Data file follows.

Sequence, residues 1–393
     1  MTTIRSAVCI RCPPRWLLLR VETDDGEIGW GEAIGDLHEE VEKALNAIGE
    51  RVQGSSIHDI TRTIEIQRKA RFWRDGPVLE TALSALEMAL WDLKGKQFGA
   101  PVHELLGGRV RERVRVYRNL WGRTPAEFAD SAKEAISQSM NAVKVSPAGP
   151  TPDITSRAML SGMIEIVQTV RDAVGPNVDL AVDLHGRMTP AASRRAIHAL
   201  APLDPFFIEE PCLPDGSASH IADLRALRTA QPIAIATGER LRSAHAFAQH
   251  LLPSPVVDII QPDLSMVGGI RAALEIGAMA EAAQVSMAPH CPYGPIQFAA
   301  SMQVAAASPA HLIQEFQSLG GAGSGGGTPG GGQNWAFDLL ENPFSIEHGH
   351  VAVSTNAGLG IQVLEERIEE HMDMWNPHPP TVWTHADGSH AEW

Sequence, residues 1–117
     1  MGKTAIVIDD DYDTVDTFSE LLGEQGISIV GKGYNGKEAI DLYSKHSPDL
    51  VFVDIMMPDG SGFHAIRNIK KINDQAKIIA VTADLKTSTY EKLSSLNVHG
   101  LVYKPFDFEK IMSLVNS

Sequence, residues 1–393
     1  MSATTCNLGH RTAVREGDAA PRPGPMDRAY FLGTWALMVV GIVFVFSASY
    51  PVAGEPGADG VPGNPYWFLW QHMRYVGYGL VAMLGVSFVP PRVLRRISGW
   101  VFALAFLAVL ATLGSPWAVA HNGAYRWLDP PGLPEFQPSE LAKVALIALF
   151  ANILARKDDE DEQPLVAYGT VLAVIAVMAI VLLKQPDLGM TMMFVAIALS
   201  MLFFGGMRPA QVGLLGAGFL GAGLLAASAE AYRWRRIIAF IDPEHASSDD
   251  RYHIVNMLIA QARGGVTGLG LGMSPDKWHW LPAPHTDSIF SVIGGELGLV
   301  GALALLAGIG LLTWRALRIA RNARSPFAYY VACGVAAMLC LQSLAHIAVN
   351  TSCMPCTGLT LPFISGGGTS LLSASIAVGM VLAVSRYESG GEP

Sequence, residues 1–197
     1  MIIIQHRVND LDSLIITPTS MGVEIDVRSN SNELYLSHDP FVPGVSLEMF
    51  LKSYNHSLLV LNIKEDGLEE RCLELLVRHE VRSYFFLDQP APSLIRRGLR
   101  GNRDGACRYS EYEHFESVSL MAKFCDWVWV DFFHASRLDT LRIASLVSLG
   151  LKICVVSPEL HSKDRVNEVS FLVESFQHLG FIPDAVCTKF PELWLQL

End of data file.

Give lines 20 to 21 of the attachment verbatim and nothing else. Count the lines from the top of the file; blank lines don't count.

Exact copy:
   251  RYHIVNMLIA QARGGVTGLG LGMSPDKWHW LPAPHTDSIF SVIGGELGLV
   301  GALALLAGIG LLTWRALRIA RNARSPFAYY VACGVAAMLC LQSLAHIAVN